As Todd and Julie Chrisley serve their combined 12-year prison sentences, their children are doing the best they can.
The "Chrisley Knows Best" couple reported to their designated prisons on Jan. 17, leaving daughter Savannah Chrisley in charge of her younger siblings — 16-year-old Grayson and 10-year-old Chloe. The 25-year-old shared some insight on their new way of living, sharing that Grayson had a "breakdown" over the family's legal situation.
“Last week was the toughest week, I think, of my life,” Savannah said during the Jan. 31 episode of her “Unlocked with Savannah Chrisley” podcast, which she noted was recorded on Jan. 24. “And it’s been hard. It’s been hard to understand, process, and also help two kids process what’s going on in our life.”
Savannah explained that “never in a million years” did she think she would be talking about “one of my parents, let alone both of my parents, entering into federal prison.”
“There’s been a lot of tears shed, a lot of anger, a lot of screaming, a lot of just completely being broken to my core,” she continued. “But I’ve had to figure out how to completely rebuild.”
Savannah went on to explain how she's handling being in charge of her siblings without her parents by her side.
“I’m definitely put in a really unique situation right now because I’m helping to guide Chloe and Grayson through this process, and I’m having to guide them through this process as I’m trying to guide myself through this process, which was very, very difficult,” she said. “I’m trying to stand strong and not break and be strong for them so that they feel comfortable enough to break down...Grayson is 16 years old, he is, there’s so much growth going on with him right now and it breaks my heart to know that my parents are missing out on that.”
“Last night, Gray had a breakdown and he’s trying to process seeing my parents and the situation that they’re in and how that’s not the image that he wants to have of them,” she said, before touching on Chloe missing Julie.
She recalled driving one day with Chloe, who she said “had so much anger towards the situation.”
“And she just said, ‘Why? Why? They’re not bad people. They don’t belong there. Why?’ And I told her, I said, ‘You know what? I’m trying every single day to get mom and dad home. I’m working with the legal teams...I’m reaching out to any one that I can possibly reach out to to help me,’” Savannah said, telling her sister to be patient with her. “And she looked out the window, she looked back at me and she said, ‘Cool, that’s great! But guess what? They’re not home!’”
Savannah said she tried her “hardest to not break down and cry” and suggested to Chloe to pray. However, Chloe got upset and questioned the power of prayer and her faith. After the conversation with her siblings, she felt defeated.
“I don’t feel adequate enough for this job,” she said, getting emotional. “I am not my mother, which I wish I was because she is the kindest, most amazing person I have met. And I've always said, if I was half of her, I would be OK. And I guess in moments like these, I realize I’m more like my mom than I realize, because I’m getting through it.”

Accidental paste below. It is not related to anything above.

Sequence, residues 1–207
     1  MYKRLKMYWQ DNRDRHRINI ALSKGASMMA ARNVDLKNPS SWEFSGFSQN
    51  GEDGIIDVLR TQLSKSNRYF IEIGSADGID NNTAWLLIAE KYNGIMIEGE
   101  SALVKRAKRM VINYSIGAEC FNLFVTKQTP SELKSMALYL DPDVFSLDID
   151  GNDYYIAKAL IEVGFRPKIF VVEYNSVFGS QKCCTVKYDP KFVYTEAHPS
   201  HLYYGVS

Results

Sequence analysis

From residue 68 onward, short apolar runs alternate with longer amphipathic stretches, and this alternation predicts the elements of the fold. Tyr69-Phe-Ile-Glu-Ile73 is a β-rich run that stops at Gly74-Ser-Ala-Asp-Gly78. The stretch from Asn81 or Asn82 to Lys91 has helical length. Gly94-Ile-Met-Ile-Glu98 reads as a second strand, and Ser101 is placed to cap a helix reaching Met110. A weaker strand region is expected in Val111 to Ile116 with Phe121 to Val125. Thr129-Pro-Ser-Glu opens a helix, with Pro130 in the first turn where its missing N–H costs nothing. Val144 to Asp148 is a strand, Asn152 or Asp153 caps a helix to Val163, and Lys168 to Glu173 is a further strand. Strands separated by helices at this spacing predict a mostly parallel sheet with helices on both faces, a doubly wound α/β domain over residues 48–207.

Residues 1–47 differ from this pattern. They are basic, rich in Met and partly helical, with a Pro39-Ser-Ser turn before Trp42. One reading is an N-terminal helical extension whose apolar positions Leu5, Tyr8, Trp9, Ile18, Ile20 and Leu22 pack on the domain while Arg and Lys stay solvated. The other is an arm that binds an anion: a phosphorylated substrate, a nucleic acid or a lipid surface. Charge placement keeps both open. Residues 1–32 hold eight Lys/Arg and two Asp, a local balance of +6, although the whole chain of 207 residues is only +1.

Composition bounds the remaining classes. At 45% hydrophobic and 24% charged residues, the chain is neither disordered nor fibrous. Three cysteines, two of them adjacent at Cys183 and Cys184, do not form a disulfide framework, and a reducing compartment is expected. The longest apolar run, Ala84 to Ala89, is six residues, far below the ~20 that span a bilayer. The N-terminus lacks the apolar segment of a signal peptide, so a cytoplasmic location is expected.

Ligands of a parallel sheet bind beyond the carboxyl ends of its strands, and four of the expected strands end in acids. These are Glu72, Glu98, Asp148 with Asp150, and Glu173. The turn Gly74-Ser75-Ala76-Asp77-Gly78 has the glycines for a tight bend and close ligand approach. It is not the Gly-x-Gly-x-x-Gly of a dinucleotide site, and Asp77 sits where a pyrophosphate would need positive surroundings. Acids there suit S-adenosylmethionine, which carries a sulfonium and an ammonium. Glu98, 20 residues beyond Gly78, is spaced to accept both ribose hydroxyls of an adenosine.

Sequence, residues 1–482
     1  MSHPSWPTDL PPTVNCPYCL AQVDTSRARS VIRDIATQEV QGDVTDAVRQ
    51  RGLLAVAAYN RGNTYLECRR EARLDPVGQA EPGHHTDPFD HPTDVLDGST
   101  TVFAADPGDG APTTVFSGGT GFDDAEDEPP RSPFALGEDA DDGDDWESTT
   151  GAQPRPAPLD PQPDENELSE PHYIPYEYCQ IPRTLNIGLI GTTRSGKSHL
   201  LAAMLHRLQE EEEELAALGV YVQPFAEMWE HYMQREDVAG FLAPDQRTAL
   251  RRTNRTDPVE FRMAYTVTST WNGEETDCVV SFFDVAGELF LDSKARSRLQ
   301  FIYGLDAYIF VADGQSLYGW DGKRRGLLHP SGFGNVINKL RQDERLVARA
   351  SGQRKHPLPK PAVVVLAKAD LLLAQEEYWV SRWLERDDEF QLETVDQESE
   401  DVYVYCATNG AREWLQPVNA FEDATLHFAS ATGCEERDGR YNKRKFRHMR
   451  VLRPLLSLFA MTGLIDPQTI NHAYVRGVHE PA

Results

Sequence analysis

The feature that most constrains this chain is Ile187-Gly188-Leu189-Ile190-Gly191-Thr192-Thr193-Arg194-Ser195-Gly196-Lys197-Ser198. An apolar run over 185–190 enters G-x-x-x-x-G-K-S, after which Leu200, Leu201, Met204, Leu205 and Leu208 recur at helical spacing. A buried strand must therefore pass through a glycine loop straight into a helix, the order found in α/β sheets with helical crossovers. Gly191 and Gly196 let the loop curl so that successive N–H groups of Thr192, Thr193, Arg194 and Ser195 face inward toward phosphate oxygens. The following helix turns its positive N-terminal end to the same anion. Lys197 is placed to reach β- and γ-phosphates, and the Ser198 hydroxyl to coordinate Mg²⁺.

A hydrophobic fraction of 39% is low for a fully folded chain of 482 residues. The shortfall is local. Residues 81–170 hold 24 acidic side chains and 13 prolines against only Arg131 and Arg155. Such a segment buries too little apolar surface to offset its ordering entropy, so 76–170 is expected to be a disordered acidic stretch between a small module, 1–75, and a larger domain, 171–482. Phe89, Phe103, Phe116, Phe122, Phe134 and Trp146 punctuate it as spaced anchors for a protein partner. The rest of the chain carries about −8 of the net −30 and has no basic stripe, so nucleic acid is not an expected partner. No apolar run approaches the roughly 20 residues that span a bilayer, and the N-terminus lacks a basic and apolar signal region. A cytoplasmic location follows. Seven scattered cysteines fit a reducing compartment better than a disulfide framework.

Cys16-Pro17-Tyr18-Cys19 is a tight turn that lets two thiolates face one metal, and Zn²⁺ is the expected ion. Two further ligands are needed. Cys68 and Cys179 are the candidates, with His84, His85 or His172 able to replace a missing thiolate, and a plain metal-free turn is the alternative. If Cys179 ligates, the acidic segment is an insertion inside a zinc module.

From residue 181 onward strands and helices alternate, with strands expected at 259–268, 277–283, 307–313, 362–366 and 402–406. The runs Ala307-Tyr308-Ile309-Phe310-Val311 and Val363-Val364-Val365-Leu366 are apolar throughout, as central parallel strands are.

After her “crappy day,” she said an email from her father lifted her spirits.
“I want you to give yourself some grace, fall in love with the real Savannah,” she read. “The one that I raised that radiates a room with her kindness and compassion, not the one the world wants to see. Remember, to gain the world, you lose your soul, and then what do you have?”
The Chrisley patriarch also addressed losing faith in God and prayer, writing, “Remember, at times, when we don’t see our prayers being answered, it’s because what we prayed for wasn’t enough. And what God wants us to have is better than what we’ve asked for, or what we’ve prayed for isn’t ready to be delivered because he’s training us up for something better that’s coming.”
Todd Chrisley also left a message for her siblings, “Please tell my sweet Chloe how much I love her. And always remind Grayson, that he’s my heart and soul.”
Todd Chrisley is serving 12 years at Federal Prison Camp Pensacola in Florida, while his wife is serving a seven year sentence at the Federal Medical Center Lexington in Kentucky.
The two were found guilty of fraud, tax evasion and conspiracy to defraud the United States by a federal jury in Atlanta in June. They were also accused of trying to defraud Georgia banks out of $30 million in personal loans. They were sentenced in November.
During the episode, Savannah said her father was working at the prison’s chapel and that her mom “is doing really well.”
“My mom, she’s made friends. She’s keeping busy. She’s going to church,” she shared. “She’s working. She’s playing some spades and when I tell you ... she has run a dog on everyone.”
Savannah also confirmed that her parents plan on once again filing appeals in “mid-February.”